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By Bishop Todd Townshend

In the celebrations of Holy Week and Easter, God reveals the deep love that is continually poured out for us and for all of Creation.

“What wondrous love is this?!” we sing, knowing that we see this astonishing love as we gaze again upon the reality of Christ’s death and resurrection.

It is strange that we sing, hearts full, in the face of the devastating death of Jesus. We may sing through tears but, even on Good Friday, we know that Sunday is coming, and that God commands life coming out of death. It is the way of God.

Centuries before Jesus’ time, perhaps the most devastating experience for God's people Israel was “The Exile”.

It is the time when they were displaced from their home in Jerusalem and either destroyed or exiled to Babylon—a “strange” land. Rather than devastating them completely, this experience resulted, eventually, in a fresh understanding of God and they committed to new ways of relating to God. They learned to “sing the Lord’s song in a strange land”.

This will be the theme of Synod 2023. This is a year when we are “Singing the Lord’s Song in a Strange Land.”

For many churches and individual Christians today, the COVID pandemic has been a form of exile. We are praying that we can emerge from this time with fresh understandings of God and of our faith, new ways of being and doing church, and a reinvigorated commitment to the wonder of mission.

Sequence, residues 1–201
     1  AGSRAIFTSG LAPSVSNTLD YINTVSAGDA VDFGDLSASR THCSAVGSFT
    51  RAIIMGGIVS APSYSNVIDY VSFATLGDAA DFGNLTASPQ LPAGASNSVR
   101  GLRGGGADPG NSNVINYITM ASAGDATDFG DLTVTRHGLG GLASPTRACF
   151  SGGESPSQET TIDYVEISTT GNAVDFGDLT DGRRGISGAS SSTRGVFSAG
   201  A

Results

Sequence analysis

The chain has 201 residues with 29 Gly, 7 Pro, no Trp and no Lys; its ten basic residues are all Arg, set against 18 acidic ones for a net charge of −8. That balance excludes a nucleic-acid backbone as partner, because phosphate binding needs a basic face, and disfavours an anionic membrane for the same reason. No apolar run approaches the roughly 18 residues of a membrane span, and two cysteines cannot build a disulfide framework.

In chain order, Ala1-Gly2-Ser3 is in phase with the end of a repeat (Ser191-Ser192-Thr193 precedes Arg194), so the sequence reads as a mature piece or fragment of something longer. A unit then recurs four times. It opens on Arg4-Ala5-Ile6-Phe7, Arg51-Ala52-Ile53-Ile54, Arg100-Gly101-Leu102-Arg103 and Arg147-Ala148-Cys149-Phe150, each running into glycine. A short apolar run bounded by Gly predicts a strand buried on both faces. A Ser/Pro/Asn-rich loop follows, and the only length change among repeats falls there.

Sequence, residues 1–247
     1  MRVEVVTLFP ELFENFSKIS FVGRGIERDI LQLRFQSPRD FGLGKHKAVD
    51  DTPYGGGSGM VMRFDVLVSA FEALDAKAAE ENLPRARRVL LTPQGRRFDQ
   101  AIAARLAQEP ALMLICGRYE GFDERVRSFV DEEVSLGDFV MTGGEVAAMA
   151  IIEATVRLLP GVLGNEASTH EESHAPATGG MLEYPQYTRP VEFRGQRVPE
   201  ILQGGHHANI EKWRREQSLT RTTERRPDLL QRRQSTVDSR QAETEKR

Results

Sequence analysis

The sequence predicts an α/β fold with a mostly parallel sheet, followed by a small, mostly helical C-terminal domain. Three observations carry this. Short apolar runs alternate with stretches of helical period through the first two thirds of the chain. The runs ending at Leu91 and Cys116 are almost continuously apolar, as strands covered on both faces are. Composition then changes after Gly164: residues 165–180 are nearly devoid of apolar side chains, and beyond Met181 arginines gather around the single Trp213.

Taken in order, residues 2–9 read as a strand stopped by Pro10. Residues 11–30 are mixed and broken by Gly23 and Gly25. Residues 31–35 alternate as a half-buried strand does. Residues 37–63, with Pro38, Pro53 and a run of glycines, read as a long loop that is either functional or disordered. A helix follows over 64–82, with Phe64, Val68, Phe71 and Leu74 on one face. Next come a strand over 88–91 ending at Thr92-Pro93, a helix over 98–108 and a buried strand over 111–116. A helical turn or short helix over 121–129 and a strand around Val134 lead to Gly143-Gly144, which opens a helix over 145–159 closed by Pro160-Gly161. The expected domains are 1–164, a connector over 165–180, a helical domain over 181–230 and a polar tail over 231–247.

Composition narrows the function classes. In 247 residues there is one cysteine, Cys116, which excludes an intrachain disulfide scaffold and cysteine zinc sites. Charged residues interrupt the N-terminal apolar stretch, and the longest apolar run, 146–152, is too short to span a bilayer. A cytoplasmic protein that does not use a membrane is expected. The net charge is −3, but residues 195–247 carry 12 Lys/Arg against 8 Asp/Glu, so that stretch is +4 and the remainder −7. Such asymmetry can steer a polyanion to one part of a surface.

Mission, particularly the clear proclamation of the Gospel along with our response to Jesus' Great Commission to "go and make disciples of all nations", is the core task of the church.

Every individual Christian has their part to play in this, learning how to sing the Lord's song (the Gospel) beautifully and effectively in our current context, which is not always entirely friendly to it—or to us. Every Christian community, every local church, is already equipped and empowered to sing this song through their life together. It is our joyful witness and mission.

The earliest Christians, starting in the days after the resurrection of Jesus, were stepping foot into a strange new land—the world of Resurrection Life. Things were not the same after the resurrection of Jesus. Whole new worlds had been created and now, especially with the sending of God’s Holy Spirit, whole new worlds were possible, indeed promised, for them!

Through the celebrations of Holy Week and the season of Easter, may God continue to draw us together into these promises and may we act as one great company of people leading the world into a strange but wonderful land.

+ Todd